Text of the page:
A press event for Duke Nukem Forever took place inside a real-world strip club, and another party for the game True Crime (later rebranded as Sleeping Dogs under a new publisher) took place in a recreation of the one of the game’s adult establishments, complete with dancing, nearly naked women and hosts talking up the almost exclusively male industry professionals and press who received invitations.
Many games even invite the player to participate by purchasing either a physical sex act or lap dance. These scenes may or may not be interactive, but the point is usually to allow the player to sit back, relax, and enjoy the dancing of a nude or nearly nude woman. These moments don’t move the story ahead in any way, or make a larger point of the environment, as they tend to be pure spectacle. Here is a naked woman who won’t speak, can’t say no, and has to do what you want. Enjoy.
The value placed on these locations, and the nudity offered to the player, is often uncomfortable. The Saboteur required players who purchased the game second hand to pay $5 extra in order to see the nudity. The strip club in that game, it should be noted, operates as your home base.
It’s time to move on
Each of these games can likely make a case for why the strip club or brothel appeared in their game individually. The Wolf Among Us is a hard boiled story of a grizzled detective, and those stories usually include seedy criminal enterprise and women who need to be saved, at least temporarily, from their surroundings. The way a character "uses" a prostitute in that game, complete with magic and ending in murder, is treated as a moment of horror. The brothel in Thief fits the theme of a city in decline, and the decadence of the moneyed upper crust.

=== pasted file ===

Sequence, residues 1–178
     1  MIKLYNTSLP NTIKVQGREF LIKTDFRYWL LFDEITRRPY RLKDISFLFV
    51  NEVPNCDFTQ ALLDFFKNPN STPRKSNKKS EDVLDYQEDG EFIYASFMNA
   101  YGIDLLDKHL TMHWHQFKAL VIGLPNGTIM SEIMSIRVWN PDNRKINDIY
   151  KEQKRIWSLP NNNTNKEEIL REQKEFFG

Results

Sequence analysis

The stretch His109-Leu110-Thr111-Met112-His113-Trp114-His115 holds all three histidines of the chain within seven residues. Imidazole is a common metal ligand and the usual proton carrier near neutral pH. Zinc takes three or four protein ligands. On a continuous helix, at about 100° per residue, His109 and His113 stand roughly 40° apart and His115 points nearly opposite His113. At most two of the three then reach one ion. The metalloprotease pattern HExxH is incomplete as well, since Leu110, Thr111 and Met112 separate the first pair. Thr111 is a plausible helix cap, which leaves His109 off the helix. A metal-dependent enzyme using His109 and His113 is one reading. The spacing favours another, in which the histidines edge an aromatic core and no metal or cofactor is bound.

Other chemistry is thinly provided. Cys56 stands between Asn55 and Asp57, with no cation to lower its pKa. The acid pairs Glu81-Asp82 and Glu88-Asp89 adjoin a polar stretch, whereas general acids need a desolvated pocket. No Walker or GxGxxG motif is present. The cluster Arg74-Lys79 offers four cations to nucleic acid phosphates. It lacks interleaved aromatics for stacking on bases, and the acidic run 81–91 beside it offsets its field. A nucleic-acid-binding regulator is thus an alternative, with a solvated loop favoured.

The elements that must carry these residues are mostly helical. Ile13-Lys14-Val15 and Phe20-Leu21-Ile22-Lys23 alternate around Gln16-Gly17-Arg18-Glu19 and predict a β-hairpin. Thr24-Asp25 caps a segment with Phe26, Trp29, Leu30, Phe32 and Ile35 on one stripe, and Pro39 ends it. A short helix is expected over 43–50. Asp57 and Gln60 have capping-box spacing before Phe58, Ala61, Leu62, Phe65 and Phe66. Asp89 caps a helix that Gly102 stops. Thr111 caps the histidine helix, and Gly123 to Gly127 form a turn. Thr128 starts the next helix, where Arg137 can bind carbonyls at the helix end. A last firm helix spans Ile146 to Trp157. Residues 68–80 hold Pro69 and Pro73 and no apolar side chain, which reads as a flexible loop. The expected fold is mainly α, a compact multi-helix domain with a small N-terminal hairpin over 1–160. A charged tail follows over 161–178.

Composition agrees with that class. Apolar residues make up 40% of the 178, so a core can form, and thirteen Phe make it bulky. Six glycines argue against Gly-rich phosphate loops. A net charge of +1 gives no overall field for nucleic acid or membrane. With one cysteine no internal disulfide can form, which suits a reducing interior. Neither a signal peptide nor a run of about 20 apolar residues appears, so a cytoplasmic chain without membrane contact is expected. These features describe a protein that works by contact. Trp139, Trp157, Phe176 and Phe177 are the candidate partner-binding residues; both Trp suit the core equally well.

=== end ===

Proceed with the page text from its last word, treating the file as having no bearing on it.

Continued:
In fact, the "madam" of the brothel in Thief stands up to the game's central villain when one of her women is abused. Other games also at least try to inject an interesting character, or some form of context to the sex trade.
Rarely are the women involved in these scenes seen as three-dimensional characters, however. They exist to show their bodies, excite the players, get beaten to prove that other characters or bad, or just to die so the story can move forward. These women are used as set pieces, objects to keep the narrative flowing. That’s an offensive way to treat a population that is already at such a high risk of violence from their employers, customers and law enforcement.
They exist to excite the players, get beaten to prove that other characters or bad, or to die so the story can move forward.
No matter how much one can justify the use of these locations in each particular game, the point remains that they’ve become so common as to be boring and expected. There is no sense that the player is in a place that is frequented by a criminal underclass, these levels have become just another thing that’s expected in narrative games.
Repetition has removed any sense of taboo or commentary. Games use the idea of sex workers with as little thought as the characters they seem to be trying to condemn, and this reliance on a tired cliché has successfully removed any impact this once had on the player.
These levels don't need to be stripped from gaming entirely, but we need to begin to see how tired and lazy they've become when used as shorthand for "gritty underworld location." It's also important to look at the real world cost of normalizing violence against sex workers, or at least responsibly address the fact that designers and writers are using real world suffering as a cheap way to develop their characters. It's time to find other options.